Low Very high Very Low
No information on salinity tolerance was found. However, Halidrys siliquosa occurs in rock pools, which may experience considerable decline in salinity due to freshwater influence during rain. Therefore, Halidrys siliquosa is probably tolerant of fluctuations in salinity, both increases and decreases, and an intolerance of low has been recorded.
No information Not relevant No information Not relevant
Little information on the effects of oxygen depletion on macroalgae was found. Kinne (1972) reports that reduced oxygen concentrations inhibit both photosynthesis and respiration. The effects of decreased oxygen concentration equivalent to the benchmark would be greatest during dark when the macroalgae are dependant on respiration.

Biological pressures

No information Not relevant No information Not relevant
Halidrys siliquosa supports a number of epiphytic species, which use it as a substratum but are not parasitic on the plant. No information on diseases was found.
High High Moderate High
Halidrys siliquosa has been reported to be displaced as the dominant species in rock pools by the non-native Sargassum muticum on the south coast of England (Eno et al., 1997). Staehr et al. (2000) reported that an increase in the abundance of Sargassum muticum in Limfjorden, Denmark had resulted in a significant decline of the cover of large brown algae, especially Saccharina latissima (studied as Laminaria saccharina), Halidrys siliquosa, Codium fragile and Fucus vesiculosus.
Therefore, Sargassum muticum appears to able to completely replace or significantly reduce the extent of Halidrys siliquosa, and other algae, and an intolerance of high has been recorded. Recoverability has been assessed as high (see additional information below).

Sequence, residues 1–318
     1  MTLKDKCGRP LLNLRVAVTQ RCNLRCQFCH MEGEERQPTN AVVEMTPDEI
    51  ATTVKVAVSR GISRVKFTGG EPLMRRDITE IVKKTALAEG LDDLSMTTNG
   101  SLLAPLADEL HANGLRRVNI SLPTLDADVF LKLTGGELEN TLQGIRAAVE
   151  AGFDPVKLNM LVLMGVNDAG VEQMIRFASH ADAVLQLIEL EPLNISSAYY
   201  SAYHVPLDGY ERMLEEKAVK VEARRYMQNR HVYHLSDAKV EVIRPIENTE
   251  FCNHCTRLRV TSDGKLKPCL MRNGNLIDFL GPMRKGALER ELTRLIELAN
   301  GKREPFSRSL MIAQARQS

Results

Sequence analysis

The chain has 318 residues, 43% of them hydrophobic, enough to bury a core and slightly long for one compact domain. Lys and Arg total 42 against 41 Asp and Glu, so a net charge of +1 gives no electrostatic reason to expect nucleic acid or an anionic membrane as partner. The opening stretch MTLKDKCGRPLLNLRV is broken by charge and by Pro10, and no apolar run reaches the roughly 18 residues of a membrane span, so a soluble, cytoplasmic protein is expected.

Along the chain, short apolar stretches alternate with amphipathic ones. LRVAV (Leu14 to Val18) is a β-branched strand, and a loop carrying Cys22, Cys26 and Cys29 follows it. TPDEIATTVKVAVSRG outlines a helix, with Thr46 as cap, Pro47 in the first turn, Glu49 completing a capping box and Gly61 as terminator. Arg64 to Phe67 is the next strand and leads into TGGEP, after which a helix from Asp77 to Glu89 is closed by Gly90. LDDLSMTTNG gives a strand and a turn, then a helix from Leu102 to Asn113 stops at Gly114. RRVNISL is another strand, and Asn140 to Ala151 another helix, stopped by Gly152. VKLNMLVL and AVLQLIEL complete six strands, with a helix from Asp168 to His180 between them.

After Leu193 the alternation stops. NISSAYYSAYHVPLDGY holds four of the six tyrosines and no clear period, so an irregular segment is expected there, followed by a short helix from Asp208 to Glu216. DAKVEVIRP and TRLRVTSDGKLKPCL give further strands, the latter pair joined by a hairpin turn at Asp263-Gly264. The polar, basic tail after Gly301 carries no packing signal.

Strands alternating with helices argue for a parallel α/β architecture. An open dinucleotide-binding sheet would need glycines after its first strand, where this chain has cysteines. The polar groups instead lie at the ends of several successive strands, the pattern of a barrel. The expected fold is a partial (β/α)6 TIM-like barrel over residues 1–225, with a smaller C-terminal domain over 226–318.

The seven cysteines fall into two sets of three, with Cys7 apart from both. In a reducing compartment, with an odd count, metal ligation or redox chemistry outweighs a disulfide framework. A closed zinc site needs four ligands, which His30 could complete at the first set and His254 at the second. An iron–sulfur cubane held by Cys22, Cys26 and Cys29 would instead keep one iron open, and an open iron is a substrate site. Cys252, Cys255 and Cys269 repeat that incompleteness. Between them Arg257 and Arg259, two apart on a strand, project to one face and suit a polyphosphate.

Not relevant Not relevant Not relevant Not relevant
No evidence of the extraction or harvesting of Halidrys siliquosa was found.
Tolerant* Not relevant Not sensitive* Low
Svendsen (1972; summary only) reported that Halidrys siliquosa became one of the dominant macroalgae, 3 years after kelp harvesting in Norway. This suggests that removal of other algae species that compete with Halidrys siliquosa for space and light would be beneficial.

Additional information

Little information concerning recruitment in Halidrys siliquosa was found. The congeneric %Halidrys dioica% was shown to recruit to cleared areas within 3-4 months in the absence of sea urchins on the California coast (Sousa et al., 1981). Similarly, Halidrys siliquosa became a dominant algae in 3 years after the removal of kelps in Norway (summary only, Svendsen, 1972). Several fucoids have been shown to recolonize cleared areas readily, especially in the absence of grazers (Holt et al., 1995, 1997). For example, Fucus dominated areas may take 1-3 years to recolonize in British waters (Holt et al., 1995).